At the end of each generated itinerary, ChatGPT mentions that all itineraries should be fact-checked. But if you miss the warning or, frankly, decide to hope for the best and put your trust in the bots, you may find yourself with an itinerary that promises more than it can deliver.
One thing ChatGPT can almost guarantee is that you won’t miss out on the essentials. With the exception of the White House, my itinerary covered the major attractions any first-time visitor to the nation’s capital would want to see, including the Smithsonian Institute, the National Mall, the African American Civil War Memorial, the Library of Congress, and the Capitol Building. Major tourist attractions aside, D.C. institutions like Ben’s Chili Bowl and 9:30 Club, an iconic, decades-old music venue, also made the list.
Although none of these suggestions came as a surprise, I did feel as though I was making the most of my relatively limited time in the city. If your goal is to see the highlights reel, ChatGPT will prioritize getting you there.
Essential stops aside, the bars and restaurants that ChatGPT offered up were good, but not amazing. I certainly didn’t come away convinced that AI can beat (or even match) recommendations from another human being, whether by word of mouth, a travel site, or a “Best things to do in ____?” thread on Reddit.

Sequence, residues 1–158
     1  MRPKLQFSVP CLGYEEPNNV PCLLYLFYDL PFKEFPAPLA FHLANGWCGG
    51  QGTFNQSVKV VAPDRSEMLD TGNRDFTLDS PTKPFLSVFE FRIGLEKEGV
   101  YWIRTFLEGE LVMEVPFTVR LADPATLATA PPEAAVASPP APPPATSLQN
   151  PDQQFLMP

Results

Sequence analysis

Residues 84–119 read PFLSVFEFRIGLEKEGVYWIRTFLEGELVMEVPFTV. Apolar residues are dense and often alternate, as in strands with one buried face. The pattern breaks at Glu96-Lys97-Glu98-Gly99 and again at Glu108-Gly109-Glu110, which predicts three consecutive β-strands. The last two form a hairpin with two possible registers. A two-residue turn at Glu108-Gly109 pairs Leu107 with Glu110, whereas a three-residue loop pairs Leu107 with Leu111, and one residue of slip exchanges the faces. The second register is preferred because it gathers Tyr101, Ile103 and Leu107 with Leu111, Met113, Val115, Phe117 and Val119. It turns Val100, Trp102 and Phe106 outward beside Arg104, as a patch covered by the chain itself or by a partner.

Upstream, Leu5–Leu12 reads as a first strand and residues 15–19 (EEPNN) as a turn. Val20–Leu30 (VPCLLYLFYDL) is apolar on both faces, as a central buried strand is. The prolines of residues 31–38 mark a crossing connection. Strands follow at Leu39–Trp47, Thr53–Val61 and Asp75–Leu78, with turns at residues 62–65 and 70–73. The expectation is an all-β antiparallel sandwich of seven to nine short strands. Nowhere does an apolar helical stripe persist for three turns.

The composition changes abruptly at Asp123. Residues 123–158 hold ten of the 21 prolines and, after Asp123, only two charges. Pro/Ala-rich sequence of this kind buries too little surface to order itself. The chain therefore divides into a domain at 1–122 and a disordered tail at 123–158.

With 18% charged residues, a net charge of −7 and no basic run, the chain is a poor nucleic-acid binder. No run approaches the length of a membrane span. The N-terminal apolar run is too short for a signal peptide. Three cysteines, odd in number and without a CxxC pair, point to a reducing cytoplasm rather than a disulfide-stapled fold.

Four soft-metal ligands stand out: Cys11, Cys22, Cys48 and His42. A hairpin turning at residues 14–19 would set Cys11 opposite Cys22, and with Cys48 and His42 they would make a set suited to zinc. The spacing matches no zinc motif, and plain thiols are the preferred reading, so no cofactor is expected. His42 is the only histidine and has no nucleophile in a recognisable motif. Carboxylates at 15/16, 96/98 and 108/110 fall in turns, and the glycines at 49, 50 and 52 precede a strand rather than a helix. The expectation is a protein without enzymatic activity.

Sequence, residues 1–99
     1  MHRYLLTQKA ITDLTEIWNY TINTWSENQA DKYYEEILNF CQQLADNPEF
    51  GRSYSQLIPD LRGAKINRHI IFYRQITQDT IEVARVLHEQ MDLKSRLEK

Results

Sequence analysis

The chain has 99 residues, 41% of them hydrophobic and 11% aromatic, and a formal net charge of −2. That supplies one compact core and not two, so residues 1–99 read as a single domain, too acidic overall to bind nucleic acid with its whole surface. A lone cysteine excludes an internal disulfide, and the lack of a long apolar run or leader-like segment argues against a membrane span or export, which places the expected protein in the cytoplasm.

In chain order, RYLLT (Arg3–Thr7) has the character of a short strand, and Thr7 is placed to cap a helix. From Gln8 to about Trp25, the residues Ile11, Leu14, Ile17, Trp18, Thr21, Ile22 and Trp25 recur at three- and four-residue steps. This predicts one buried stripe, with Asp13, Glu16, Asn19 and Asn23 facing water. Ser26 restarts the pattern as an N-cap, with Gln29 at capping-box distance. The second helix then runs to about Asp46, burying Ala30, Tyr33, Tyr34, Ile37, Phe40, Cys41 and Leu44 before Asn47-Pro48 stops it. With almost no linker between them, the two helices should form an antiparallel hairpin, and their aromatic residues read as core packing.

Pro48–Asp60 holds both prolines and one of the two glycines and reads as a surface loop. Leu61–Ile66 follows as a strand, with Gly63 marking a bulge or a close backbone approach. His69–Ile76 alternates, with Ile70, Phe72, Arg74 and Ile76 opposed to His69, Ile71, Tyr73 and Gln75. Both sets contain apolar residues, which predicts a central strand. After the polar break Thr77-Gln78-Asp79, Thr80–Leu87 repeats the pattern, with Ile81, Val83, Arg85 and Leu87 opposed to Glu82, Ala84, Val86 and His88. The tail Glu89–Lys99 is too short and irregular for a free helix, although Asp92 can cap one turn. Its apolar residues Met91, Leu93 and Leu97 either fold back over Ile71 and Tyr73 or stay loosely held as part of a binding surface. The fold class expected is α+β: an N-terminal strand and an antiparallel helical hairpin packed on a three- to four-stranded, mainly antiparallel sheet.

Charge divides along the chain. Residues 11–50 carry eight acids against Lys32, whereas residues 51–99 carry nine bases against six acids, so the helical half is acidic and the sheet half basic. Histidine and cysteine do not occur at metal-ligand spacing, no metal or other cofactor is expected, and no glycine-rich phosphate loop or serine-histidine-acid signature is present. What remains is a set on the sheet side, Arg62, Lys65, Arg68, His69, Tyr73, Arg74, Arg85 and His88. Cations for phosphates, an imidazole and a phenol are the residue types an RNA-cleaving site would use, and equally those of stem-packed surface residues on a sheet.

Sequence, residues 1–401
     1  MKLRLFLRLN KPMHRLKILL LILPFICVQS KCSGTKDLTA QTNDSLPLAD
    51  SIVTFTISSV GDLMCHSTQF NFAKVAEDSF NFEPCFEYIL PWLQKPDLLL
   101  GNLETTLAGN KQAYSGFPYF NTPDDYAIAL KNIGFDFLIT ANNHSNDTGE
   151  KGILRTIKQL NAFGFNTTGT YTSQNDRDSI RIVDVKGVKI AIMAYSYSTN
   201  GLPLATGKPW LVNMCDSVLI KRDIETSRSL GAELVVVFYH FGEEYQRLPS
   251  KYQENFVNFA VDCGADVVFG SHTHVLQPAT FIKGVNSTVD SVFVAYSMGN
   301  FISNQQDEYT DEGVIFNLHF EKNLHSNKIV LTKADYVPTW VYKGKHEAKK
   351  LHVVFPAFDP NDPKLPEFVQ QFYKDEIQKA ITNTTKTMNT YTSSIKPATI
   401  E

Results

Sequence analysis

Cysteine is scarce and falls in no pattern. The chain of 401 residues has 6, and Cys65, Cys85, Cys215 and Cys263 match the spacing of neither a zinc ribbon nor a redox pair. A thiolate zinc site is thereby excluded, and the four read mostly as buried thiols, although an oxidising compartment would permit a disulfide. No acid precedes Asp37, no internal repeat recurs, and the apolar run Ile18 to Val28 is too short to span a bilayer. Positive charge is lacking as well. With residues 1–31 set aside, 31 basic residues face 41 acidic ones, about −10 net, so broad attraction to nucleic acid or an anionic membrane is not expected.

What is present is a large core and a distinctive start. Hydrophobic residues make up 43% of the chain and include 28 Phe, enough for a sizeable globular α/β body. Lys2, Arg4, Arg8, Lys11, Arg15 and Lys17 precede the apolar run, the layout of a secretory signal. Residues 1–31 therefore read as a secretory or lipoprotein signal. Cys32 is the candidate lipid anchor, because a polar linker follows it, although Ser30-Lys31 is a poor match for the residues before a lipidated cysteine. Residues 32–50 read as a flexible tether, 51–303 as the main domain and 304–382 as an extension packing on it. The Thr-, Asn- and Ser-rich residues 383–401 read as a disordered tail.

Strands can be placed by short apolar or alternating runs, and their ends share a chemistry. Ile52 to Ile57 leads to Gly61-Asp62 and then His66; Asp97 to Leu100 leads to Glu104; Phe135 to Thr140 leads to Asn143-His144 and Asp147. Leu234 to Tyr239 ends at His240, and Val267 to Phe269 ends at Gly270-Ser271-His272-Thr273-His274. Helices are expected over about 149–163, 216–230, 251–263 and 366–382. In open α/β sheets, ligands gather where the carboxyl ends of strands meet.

Chatting with one friend who visits the capital several times a year, she expressed that ChatGPT’s list was pretty good “for people who are only going to go to D.C. once and aren’t looking for any niche experiences,” and provided a few suggestions I felt more excited about from the jump.
Another friend, who currently lives in D.C., mentioned that the itinerary seemed too packed to be enjoyable and that the order of the itinerary “was not ideal in terms of economical travel,” two of my own major takeaways.
Overall, the likelihood of coming across new openings, local favorites, or hidden gems seems far less when you ask a robot for suggestions rather than a person—especially a person you trust to provide you with solid recommendations.
At the risk of stating the obvious, ChatGPT is not a human, and so it cannot account for the “human element”—those little things that can lead travel plans astray. It can’t predict how exhausted you’ll be after schlepping from attraction to attraction, or the crowds, or the sudden onslaught of summer heat or rain that renders an itinerary full of outdoor activities effectively useless. Even if you’re initially satisfied with your itinerary, be prepared to have a backup plan in place in case ChatGPT’s plan goes awry.
As AI travel tools evolve, I’ll certainly follow along and test out future tech. But for now, would I use ChatGPT to plan a trip again? Probably not. Lukewarm recommendations and “human elements” aside, I found that I spent just as much time crafting a query, fact-checking, and rearranging my schedule as I would had I developed an itinerary entirely by myself from the get-go—all without any of the fun one generally gets from travel planning on their own.